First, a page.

On March 4, 2011, Defendants filed a collective motion to dismiss Hill's second amended complaint or, in the alternative, for summary judgment. (Doc.
38.) The following day, Defendants filed a brief in support of their motion, together with a statement of facts (Doc. 39.) The Court entered an order directing Plaintiff to respond to motion not later than April 20, 2011, and authorizing Defendants to file a reply brief on or before May 4, 2011. (Doc. 41.) On April 11, 2011, Plaintiff moved for an enlargement of time to respond to the motion (Doc. 43), and the Court granted the motion, and directed Hill to respond on or before May 6, 2011 (Doc. 44). The Court later entered another order, enlarging Hill's deadline to respond until May 10, 2011. (Doc. 47.) Hill filed a brief in opposition to the motion on May 9, 2011. (Doc. 49.)
On April 11, 2011, Hill filed a motion seeking "judicial notice" that certain facts alleged in the second amended complaint, apparently because Defendants had not yet filed an answer, and Hill believed that their failure to do so had caused them to have forfeited their right to challenge certain facts alleged in the second amended complaint. (Doc. 42.) When Hill failed to file a timely brief in support of his motion, the Court entered an order denying the motion, deeming it to be withdrawn pursuant to Local Rule 7.5. (Doc. 45.)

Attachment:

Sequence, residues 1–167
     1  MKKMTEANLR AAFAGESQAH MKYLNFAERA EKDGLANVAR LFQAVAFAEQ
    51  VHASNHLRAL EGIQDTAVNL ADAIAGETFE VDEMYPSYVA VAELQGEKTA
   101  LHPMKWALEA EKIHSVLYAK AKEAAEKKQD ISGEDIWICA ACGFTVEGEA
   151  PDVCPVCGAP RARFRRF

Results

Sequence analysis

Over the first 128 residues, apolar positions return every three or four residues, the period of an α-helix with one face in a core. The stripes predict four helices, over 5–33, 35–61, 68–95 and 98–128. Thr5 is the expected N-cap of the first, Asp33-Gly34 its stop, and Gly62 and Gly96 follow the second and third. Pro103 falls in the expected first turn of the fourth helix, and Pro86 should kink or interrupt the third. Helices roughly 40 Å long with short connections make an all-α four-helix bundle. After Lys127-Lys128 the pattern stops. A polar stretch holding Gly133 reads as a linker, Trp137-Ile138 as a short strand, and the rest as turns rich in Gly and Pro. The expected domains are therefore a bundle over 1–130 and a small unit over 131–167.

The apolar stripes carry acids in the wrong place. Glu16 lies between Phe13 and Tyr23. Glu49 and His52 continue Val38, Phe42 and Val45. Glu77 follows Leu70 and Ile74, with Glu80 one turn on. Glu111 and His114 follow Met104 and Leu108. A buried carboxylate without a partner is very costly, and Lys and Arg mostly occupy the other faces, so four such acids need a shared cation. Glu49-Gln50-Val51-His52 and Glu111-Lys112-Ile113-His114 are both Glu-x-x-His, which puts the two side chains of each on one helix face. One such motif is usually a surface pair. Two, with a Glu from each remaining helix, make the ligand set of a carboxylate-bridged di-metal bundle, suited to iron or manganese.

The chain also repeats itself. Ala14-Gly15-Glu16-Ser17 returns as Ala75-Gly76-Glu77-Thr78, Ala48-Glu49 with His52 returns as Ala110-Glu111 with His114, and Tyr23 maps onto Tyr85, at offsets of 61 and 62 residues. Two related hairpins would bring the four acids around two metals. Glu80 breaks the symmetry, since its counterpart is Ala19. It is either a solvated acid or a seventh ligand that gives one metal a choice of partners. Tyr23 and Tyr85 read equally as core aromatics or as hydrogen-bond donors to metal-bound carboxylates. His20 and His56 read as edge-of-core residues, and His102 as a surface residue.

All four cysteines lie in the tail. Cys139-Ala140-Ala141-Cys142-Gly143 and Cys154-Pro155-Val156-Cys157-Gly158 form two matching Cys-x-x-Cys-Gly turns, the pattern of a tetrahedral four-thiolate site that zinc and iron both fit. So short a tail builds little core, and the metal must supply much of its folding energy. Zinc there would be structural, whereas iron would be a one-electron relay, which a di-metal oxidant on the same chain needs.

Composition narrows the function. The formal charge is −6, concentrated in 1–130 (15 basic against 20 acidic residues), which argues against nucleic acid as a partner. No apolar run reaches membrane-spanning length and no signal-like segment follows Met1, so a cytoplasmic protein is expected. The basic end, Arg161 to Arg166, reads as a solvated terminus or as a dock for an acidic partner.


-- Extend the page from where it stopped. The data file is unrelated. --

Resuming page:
Hill has now filed two motions relating to the Court's denial of his motion for "judicial notice." In the first motion, Hill asks the Court to reconsider the order denying the requested relief. (Doc. 52.) In the second motion, Hill moves for permission to file a brief in support of his motion for judicial notice. (Doc. 53.) Because neither motion has merit, both will be denied.